The Beaufort Delta contingent of athletes in the 2017 North American Indigenous Games got Team NWT off to a hot start. The canoe racers, many of whom came from the region, brought home eight of the team’s 28 medals in the first days of the competition. “We’re super happy with the performance that everyone had,”...

Climate change could alter landscape, says researcher

Though it’s a long process with many complicating factors, if the climate were to continue changing in accordance with recent trends, that could mean some significant landscape changes up and down the Mackenzie Valley. Ruth Errington, technician with the Canadian Forest Service, was in Inuvik this month re-measuring peatland and forest plots around the community...

Residential school workshops open eyes

For Bobbie Jo Greenland-Morgan, president of the Gwich’in Tribal Council, education on the history of residential schools ties to all aspects of her role. “It really brings back to every file you work in in this office, whether it be economics, business development, culture and heritage, language, self-government, everything,” she said. Greenland-Morgan took part in...

MP McLeod in the middle of satellite debate

Planet Labs missed its second chance to track satellites from its Inuvik station during its mid-July launch. The company, along with Kongsberg Satellite of Norway and local business New North Networks, invested approximately $10 million in the commercial satellite station between town and the airport but its antennae have yet to be used as the...

Town aims to tie tourism to Yukon

Inuvik may be part of the Northwest Territories, but in many ways – most notably tourism – it’s more closely tied to Yukon. That’s why the Town of Inuvik has identified strengthening that tie as a priority for the next year. “I would say probably 70 per cent of our (tourism) traffic comes up driving,...

Satellites and multiculturalism define opportunities in Beaufort-Delta

opinion – Inuvik Drum Editor Stewart Burnett It’s a busy month for an economically quiet town. Everyone sees the satellites around Inuvik but not everyone knows what they’re doing. Next week, the Landsat Technical Working Group will meet for the 26th time, bringing scientists and ground station specialists from more than 30 countries together to...

Men majority of drowning victims in NWT, say safety officials

With waterways in the area melting and boating season fast approaching, the Northwest Territories Recreation and Parks Association is reminding people to stay safe on the water. For the last few years, the NWTRPA has been engaging in a campaign targeting men, who make up the vast majority of drownings in the territory. “A lot...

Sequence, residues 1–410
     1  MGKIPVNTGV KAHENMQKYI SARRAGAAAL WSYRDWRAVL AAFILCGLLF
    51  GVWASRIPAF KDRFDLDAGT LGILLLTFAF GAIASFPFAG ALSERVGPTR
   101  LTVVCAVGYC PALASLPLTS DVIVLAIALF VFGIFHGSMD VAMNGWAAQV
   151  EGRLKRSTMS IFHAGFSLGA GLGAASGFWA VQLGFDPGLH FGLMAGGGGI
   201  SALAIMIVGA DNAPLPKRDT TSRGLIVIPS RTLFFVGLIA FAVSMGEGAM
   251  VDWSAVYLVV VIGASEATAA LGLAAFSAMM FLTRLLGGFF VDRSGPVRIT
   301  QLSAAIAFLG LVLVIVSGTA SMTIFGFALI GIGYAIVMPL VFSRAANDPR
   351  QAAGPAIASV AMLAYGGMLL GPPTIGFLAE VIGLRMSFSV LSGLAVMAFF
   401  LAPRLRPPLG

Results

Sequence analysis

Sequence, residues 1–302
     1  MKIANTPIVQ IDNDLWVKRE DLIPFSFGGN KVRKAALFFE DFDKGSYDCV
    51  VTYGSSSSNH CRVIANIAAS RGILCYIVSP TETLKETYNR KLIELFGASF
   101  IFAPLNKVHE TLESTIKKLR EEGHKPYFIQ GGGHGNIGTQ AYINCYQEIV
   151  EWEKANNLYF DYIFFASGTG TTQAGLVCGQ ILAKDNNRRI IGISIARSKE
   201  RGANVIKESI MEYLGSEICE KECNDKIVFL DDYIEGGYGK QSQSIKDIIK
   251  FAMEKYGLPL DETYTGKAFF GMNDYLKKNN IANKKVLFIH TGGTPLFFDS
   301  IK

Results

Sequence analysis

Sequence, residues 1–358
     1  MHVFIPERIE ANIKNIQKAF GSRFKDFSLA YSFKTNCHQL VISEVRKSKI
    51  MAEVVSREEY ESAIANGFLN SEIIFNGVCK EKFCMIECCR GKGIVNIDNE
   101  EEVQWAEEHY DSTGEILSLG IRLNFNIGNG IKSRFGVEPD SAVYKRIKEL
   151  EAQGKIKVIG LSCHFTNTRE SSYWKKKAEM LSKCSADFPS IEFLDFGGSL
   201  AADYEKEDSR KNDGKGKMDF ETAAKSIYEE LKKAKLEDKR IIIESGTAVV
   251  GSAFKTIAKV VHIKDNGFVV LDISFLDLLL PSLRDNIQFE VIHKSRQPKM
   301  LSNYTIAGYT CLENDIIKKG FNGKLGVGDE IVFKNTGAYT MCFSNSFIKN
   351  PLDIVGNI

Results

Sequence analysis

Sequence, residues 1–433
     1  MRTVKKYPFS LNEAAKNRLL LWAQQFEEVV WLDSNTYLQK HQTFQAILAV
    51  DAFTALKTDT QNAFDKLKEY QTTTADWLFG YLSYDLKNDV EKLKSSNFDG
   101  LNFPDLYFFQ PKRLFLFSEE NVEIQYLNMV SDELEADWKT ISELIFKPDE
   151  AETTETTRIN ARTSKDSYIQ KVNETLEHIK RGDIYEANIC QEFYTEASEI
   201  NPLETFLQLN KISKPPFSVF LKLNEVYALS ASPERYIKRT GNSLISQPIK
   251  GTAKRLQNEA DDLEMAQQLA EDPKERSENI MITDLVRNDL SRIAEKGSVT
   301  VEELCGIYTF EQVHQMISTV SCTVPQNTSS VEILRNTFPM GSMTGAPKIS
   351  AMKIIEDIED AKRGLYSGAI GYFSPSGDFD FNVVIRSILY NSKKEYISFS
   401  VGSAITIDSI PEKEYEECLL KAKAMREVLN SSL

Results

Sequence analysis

International satellite scientists in Inuvik to discuss Landsat program

Anyone driving from the airport into town will see a number of satellite stations next to the Dempster Highway. Quietly, that location is a small international hub of information, with satellite operations being performed by Canada, Germany, Sweden and France. Next week, 30 scientists and ground station specialists from 30 countries will meet in Inuvik...
David Stewart, from the Inuvialuit Communications Society, and Elizabeth Kolb, Arctic Image Festival Coordinator, encourage the community to come out and support Northern photographers at this weekend’s Arctic Image Festival. - Stewart Burnett/NNSL photo

Arctic Image festival to show off work of talented Delta photographers

The Arctic Image Festival is trying to take photos beyond Facebook and into hard-copy, high-quality prints. This weekend, the group is holding its fourth annual event, during which it will show off a range of prints by Northern photographers and provide workshops with photography professionals. “It’s a way to show local photographers’ work and work...
Melba Mitchell, left, of Inuvik and Mary Jane Moses of Old Crow participate in the caribou skinning contest. - photo courtesy of Bobbie Jo Greenland-Morgan

Gwichin ‘Caribou people’ work to keep herds and communities healthy in Old Crow

More than an historic resource for Gwich’in people, caribou is a metaphor for the community itself. Spread across the Northwest Territories, Yukon, Canada, Alaska and beyond, Gwich’in have the challenge of maintaining a sense of community. “If we identify as being caribou people, we need to always keep in touch to work together,” said Bobbie...
Bonny Ebele and Emmanuel Ndumu, both from Africa, take part in Inuvik’s third annual multicultural event, held on Saturday, May 27. - Stewart Burnett/NNSL photo

Night of celebration showcases multicultural life of Inuvik

It’s a town of just over 3,000 people, but Inuvik has the world on display in the many backgrounds of its residents. The third annual multicultural night brought people together and encouraged vibrant displays of their culture Saturday, May 27. Emmanuel Ndumu, originally from Cameroon, has been in Inuvik for six months and in Canada...
Lesa Semmler, manager of nursing units at the Inuvik Regional Hospital, presents a long-service award to retiring nurse Sheila Mattson. Mattson meant to spend only a year in the North, but will now be retiring to a camping lifestyle. - Stewart Burnett/NNSL photo

After 28 years of Northern nursing, Sheila Mattson retiring to cabin life

It was hard to hear the brief speeches made to honour nurse Sheila Mattson at her retirement celebration last week, as boisterous children ran and yelled in the background. That is probably just how Mattson likes it. “My passion, as most people know, is babies,” she said, listing off her four children, five grandchildren and...

Kevin Floyd helping to keep Inuvialuit qayaqing skills alive

Kevin Floyd could probably talk forever about Inuvialuit qayaqing. That’s the impression he gives anyway, when his eyes light up and he starts describing the ways Inuvialuit qayaqs are built, how his people used to hunt birds and whales with them, the skills involved in rolling and staying quiet in the water. “Right off the...

Inuvik squash club programs groom future court champions

Youth programs, a new league and regular tournaments have the Inuvik Squash Club busy heading into the down season of summer. The club held a tournament May 19 and 20, with about 16 players involved in three tiers of play. “Everything went well,” said Grant Convey, a coach in the club. “We had four beginners...